Kuro Raku Tea Ceremony Bowl by Sawada Hiroyuki
Raku (raku-yaki) is a low-fired ceramic ware first produced by Sasaki Chōjirō (d. 1592) in the 16th century in Kyoto. Under the encouragement and patronage of his close friend, tea master Sen no Rikyū, he crafted a style of bowl which was devoid of any decoration or sense of movement. They were made to embody Rikyū's wabi-cha philosophy - that is, tea ceremony in which great emphasis is placed on simplicity, austerity and quiet appreciation.
Although the appellation "Raku" is reserved for those works made by Chōjirō and his successors, the term is used by a number of contemporary Japanese potters who adhere to the same forming, glazing and firing techniques. Sawada Hiroyuki is one who stands out among them. An artist with over 35 years of experience in crafting ceramic wares for tea ceremony, Sawada specializes in raku-yaki and strives to create bowls with the same sense of presence as those made by the early Raku masters.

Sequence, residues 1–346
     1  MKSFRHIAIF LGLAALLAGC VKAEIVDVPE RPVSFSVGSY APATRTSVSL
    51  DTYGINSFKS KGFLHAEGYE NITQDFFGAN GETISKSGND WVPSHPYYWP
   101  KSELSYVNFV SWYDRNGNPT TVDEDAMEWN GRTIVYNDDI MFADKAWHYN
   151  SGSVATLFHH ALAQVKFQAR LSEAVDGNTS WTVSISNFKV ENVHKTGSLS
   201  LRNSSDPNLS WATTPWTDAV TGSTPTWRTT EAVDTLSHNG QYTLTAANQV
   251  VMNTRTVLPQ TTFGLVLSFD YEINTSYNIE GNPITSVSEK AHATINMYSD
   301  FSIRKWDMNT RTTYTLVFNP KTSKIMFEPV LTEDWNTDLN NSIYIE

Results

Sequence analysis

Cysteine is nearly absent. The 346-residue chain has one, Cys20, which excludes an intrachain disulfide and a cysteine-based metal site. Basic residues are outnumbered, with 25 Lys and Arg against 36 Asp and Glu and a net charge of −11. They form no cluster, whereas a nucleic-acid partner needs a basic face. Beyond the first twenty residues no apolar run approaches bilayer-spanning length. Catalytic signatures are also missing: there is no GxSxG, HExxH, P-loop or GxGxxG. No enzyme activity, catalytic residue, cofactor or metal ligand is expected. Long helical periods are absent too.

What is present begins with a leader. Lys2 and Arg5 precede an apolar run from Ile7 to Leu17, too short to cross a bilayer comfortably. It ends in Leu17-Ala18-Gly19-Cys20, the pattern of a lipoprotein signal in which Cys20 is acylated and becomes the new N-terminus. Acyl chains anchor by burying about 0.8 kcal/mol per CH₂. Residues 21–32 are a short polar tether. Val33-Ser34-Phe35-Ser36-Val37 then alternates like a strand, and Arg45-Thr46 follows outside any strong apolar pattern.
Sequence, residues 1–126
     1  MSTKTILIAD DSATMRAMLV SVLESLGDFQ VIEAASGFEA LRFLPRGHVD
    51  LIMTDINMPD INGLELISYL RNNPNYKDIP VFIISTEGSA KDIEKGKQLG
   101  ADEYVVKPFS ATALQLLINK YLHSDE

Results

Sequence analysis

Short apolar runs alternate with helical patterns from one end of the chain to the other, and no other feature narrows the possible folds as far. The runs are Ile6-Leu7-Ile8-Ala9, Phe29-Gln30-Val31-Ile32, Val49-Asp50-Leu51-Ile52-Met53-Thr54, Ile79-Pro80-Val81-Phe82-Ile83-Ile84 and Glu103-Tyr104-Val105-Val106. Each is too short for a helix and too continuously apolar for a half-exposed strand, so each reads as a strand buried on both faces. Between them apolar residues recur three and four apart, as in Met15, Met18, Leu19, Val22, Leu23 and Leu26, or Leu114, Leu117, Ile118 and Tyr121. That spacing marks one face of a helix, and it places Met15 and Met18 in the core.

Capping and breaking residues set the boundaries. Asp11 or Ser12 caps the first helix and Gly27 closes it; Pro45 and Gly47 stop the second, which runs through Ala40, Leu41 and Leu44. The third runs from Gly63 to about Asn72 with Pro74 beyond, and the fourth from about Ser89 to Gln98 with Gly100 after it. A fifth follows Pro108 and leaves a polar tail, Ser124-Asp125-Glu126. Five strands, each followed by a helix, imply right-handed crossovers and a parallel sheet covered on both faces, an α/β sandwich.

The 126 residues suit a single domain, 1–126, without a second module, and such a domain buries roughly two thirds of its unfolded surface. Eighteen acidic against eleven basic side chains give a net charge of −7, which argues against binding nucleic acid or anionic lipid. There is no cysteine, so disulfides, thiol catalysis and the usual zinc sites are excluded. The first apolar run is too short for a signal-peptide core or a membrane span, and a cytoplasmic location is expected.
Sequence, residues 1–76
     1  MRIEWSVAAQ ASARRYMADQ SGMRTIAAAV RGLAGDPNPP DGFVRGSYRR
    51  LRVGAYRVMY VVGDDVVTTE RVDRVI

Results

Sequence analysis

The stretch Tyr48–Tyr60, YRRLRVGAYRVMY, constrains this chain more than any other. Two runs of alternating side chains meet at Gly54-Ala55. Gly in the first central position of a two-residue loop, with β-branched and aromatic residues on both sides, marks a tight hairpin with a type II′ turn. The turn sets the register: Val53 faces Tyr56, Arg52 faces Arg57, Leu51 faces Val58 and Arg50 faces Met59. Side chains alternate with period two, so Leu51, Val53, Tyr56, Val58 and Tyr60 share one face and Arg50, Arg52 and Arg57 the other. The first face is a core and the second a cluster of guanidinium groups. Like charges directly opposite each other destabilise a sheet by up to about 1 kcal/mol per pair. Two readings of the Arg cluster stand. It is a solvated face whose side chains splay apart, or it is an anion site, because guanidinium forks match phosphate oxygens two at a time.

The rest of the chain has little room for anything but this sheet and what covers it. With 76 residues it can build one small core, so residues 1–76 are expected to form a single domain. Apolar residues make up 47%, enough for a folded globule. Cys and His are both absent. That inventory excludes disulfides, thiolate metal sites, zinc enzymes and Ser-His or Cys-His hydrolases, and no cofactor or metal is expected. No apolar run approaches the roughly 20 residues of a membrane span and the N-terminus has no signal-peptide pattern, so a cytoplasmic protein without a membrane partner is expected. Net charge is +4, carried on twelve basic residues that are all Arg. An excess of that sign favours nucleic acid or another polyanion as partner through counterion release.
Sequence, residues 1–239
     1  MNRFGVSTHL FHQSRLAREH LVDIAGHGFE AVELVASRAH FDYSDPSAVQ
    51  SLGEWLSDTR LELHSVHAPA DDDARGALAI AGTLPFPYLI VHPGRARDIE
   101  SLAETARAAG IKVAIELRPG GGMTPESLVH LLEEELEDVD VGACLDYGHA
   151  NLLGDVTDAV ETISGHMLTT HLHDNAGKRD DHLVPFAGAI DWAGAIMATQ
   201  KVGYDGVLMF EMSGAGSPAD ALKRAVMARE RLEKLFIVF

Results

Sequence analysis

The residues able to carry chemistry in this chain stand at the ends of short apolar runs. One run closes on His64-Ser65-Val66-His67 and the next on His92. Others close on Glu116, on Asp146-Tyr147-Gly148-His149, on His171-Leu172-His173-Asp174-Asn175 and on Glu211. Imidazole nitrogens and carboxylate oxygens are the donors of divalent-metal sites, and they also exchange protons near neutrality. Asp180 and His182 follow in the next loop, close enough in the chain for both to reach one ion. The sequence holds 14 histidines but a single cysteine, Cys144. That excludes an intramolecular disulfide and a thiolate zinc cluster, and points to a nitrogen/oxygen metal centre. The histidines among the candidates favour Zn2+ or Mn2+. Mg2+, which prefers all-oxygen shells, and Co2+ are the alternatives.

This striking kuro (black) raku chawan is formed entirely by hand from a single ball of clay which is kneaded into shape in one sitting. As a result, the moist clay retains the marks of the potter's hands as it dries, thus allowing the piece to communicate with its holder on a more intimate and primitive level. Variations in texture grant it a tactile character similar to stone weathered by time.
Raku bowls present tea like no other vessel. When filled with the verdant color of whipped matcha, the contrasting colors strike a harmonious balance, transforming the bowl into a contemplative piece reminiscent of a quiet Zen garden.
Raku bowls are intended solely for the preparation of matcha green tea. See our using raku safely page for more information.
A wooden presentation box will be custom made to order and signed by the artist. Delivery time for this item is 2 weeks.
A fukusa display cloth is included.
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